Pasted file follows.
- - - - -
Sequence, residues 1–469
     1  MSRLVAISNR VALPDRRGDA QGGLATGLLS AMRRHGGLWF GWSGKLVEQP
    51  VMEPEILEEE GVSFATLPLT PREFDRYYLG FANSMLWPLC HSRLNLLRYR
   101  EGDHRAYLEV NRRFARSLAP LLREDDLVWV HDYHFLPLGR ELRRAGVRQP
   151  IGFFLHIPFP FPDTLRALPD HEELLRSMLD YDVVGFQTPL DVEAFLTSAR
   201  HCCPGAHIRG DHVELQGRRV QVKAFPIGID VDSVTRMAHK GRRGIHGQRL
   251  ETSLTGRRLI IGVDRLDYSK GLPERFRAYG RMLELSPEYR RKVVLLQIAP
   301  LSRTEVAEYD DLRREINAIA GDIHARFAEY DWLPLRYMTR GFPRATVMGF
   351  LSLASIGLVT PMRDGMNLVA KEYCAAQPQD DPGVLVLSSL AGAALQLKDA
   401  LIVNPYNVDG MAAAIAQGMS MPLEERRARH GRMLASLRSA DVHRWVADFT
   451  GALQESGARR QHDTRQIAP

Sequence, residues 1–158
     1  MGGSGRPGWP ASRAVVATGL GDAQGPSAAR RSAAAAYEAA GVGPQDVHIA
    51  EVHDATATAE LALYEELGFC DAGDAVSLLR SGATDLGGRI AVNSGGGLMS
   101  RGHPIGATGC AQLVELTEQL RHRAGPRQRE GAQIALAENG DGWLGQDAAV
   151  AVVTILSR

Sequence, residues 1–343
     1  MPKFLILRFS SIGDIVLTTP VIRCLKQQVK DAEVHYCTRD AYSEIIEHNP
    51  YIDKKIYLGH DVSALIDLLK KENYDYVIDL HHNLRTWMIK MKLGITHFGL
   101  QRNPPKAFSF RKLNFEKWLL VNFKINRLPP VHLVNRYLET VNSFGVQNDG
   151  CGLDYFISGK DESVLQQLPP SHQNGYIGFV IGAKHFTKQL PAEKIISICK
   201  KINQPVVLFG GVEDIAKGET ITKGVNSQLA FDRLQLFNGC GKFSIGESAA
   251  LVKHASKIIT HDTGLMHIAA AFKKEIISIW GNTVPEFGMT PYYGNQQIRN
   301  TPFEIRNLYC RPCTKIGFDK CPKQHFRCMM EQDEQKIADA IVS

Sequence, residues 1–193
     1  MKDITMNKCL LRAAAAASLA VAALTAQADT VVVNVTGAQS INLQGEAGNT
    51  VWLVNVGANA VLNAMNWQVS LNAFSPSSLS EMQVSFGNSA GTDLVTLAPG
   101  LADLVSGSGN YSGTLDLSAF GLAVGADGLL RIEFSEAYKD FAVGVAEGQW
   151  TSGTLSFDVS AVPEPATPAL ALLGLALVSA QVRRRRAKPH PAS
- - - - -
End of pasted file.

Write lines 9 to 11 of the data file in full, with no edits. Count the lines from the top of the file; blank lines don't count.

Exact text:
   351  LSLASIGLVT PMRDGMNLVA KEYCAAQPQD DPGVLVLSSL AGAALQLKDA
   401  LIVNPYNVDG MAAAIAQGMS MPLEERRARH GRMLASLRSA DVHRWVADFT
   451  GALQESGARR QHDTRQIAP